Today's Union Institute and University (UI&U) is a private, non-profit university specializing in limited residence and distance learning programs. It began in 1964 as a conference-inspired initiative of 10 liberal arts institutions on educational innovation and experimentation, called The Union for Research and Experimentation in Higher Education. After an evolution that included changes in name, initiation of a graduate program (as the The Union Graduate School), and financial reorganization as the The Union Institute, the Institute's acquisition of an undergraduate institution (Vermont College, Montpelier, Vermont) in 2001 provided the interim array of programs and structures that have evolved into the current UI&U. The institution maintains regional accreditation from The Higher Learning Commission of the North Central Association of Colleges and Schools, which began in 1985.
Union Institute and University traces its origins to 1964, when the president of Goddard College hosted the presidents of nine other liberal arts institutions at a conference to discuss cooperation in innovation and experimentation (Barrett, 1972). The Union for Research and Experimentation in Higher Education was established with Antioch College, Bard College, Goddard College, Chicago Teachers North, Monteith Masson, New College at Hofstra University, Sarah Lawrence College, Shimer College, and Stephens College originally forming The Union (Barrett, 1972).
Renamed The Union for Experimenting Colleges and Universities in 1969, Samuel Baskin, a psychologist and educational reformer from the faculties of Stephens and Antioch Colleges, was its founding president (The Antiochian, 2002). The Union directed its focus toward providing educational opportunities for non-traditional students whose needs were best served by a low-residency college experience, as well as those students who sought to conduct socially relevant research in an interdisciplinary manner. By 1971, five more colleges and universities joined the Union, bringing the total consortium to 22 schools of higher education (Barrett, 1972).
The Union had a continuing emphasis from its inception on programs on social relevance and interdisciplinarity of research. The Union provided administrative support for a number of programs run by its member schools, under the title The University Without Walls (UWW), a further initiative of Samuel Baskin (The Antiochian, 2002). The UECU disbanded in 1982, but the UWW organization remained in operation (Grady, 1989).
This section requires expansion with: description, with sources, of the institution and program in the years from 1978 to 2001. (November 2015)
The Union's consortium filed for bankruptcy in 1978, and the UECU disbanded in 1982; emerging from its bankruptcy, the surviving UWW was renamed sometime between 1986 and 1989 (Grady, 1989), as The Union Institute.
This section requires expansion with: description, with sources, of graduate programs in the years from 1970 to 1989. (November 2015)
One component of the UWW was the initiation of graduate training through an institution called The Union Graduate School; the first doctoral students were admitted in 1970 (Fairfield, 1979, p. 17). Doctoral programs were based on the tutorial system.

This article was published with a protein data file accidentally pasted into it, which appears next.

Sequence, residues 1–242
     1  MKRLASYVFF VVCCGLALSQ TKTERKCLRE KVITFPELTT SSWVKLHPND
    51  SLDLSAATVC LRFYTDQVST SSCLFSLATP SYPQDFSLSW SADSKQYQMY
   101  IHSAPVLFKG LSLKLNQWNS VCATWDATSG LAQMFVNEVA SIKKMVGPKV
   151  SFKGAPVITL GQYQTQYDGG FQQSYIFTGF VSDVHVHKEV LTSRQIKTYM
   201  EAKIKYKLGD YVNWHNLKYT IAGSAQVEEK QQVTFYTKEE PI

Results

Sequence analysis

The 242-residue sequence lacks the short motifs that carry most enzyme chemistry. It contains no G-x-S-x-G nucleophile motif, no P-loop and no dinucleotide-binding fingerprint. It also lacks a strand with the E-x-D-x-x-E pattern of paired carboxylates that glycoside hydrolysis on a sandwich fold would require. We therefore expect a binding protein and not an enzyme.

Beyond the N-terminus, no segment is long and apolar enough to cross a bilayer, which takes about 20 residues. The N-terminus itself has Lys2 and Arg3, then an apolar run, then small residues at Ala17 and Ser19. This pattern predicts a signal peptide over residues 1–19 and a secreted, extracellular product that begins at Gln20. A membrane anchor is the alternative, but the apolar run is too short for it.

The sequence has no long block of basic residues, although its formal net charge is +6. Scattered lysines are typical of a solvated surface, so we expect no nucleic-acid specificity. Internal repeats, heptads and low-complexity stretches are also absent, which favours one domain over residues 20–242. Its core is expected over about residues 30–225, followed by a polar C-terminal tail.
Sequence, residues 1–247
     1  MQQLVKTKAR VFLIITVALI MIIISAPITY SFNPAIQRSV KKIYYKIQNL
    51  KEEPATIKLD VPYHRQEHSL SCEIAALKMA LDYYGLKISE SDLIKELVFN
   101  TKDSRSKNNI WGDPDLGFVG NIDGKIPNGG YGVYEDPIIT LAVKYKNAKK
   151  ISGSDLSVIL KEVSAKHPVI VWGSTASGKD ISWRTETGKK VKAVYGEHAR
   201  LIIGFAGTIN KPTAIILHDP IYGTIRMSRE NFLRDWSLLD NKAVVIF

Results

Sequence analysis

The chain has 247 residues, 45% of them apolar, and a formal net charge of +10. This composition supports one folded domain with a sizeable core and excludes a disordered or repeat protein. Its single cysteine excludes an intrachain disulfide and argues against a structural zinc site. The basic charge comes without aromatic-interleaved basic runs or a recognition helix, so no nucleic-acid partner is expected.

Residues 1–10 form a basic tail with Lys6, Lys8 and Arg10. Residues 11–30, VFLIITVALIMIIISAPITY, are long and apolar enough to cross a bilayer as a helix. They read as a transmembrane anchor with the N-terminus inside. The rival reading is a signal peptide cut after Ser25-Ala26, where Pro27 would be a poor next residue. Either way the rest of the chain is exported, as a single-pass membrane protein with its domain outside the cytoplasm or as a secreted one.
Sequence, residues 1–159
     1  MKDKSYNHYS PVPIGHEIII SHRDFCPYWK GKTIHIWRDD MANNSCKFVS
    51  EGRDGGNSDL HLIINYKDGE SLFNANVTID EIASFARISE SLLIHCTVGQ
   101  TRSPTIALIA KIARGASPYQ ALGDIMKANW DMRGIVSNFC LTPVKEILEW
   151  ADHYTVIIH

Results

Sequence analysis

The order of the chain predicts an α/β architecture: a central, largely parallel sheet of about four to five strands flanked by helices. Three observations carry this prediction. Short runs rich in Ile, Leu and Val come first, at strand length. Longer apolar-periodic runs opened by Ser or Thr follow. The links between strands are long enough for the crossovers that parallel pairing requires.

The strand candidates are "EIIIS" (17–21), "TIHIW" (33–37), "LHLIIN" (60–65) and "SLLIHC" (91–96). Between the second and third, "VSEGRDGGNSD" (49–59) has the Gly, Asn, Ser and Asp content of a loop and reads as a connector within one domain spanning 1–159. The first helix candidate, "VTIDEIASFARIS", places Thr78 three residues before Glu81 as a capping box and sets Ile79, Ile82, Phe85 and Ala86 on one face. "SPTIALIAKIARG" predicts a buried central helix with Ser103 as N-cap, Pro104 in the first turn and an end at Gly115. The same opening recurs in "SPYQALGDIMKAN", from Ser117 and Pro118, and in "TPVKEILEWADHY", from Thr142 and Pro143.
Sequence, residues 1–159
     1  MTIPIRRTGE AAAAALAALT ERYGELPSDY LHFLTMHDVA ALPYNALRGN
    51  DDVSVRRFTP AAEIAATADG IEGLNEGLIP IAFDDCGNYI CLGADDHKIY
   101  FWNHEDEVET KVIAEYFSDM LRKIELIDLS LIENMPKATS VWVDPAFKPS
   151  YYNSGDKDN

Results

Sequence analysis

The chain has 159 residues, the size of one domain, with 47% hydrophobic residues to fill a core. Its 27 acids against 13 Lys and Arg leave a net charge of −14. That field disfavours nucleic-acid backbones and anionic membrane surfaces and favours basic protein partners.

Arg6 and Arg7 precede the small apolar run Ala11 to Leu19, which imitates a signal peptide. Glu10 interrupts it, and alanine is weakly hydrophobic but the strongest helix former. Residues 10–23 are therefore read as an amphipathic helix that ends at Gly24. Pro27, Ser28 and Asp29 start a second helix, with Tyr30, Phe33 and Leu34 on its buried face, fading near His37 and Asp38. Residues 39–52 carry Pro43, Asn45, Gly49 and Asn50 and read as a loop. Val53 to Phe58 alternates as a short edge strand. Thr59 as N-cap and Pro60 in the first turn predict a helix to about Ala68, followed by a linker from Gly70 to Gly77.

The Union Graduate School, as a component of the UWW, remained in operation when UECU disbanded in 1982 (Grady, 1989). In 1986 or 1989, when the UWW was renamed The Union Institute, The Union Graduate School was renamed The Graduate School of The Union Institute (Grady, 1989).
This section requires expansion with: description, with sources, of the development of the combined undergraduate and graduate programs from 2001. (November 2015)
The Union Institute acquired Vermont College in Montpelier, Vermont from Norwich University. In October, 2001, Union was renamed Union Institute and University. The purchase of Vermont College added several Master's degree programs and an Adult Degree Program to Union Institute & University’s existing undergraduate and doctoral programs. This enabled The Union to provide a progression of degree opportunities, along with certificates in advanced graduate study.
The Union Institute & University's Ph.D. program came under scrutiny by the Ohio Board of Regents, culminating in a 2002 Reauthorization Report. In response to the Report, The Union has undergone major academic and structural changes, including dissolution of The Union Graduate School and restructuring of Ph.D. programs. The Ph.D. in Arts and Sciences, for example, was redesigned to a Ph.D. in Interdisciplinary Studies.
Barrett, L. (1972). Report of a visit to the University Without Walls by the Union for Experimenting Colleges and Universities Yellow Springs, Ohio, May, 1972 for the Commission on Institutions of Higher Education of the North Central Association of Colleges and Secondary Schools. ED083909. Retrieved from http://eric.ed.gov/?id=ED083909
Union for Experimenting Colleges and Universities. (1970). University without walls: A proposal for an experimental degree program in undergraduate education. ED067064. Retrieved from http://eric.ed.gov/?id=ED067064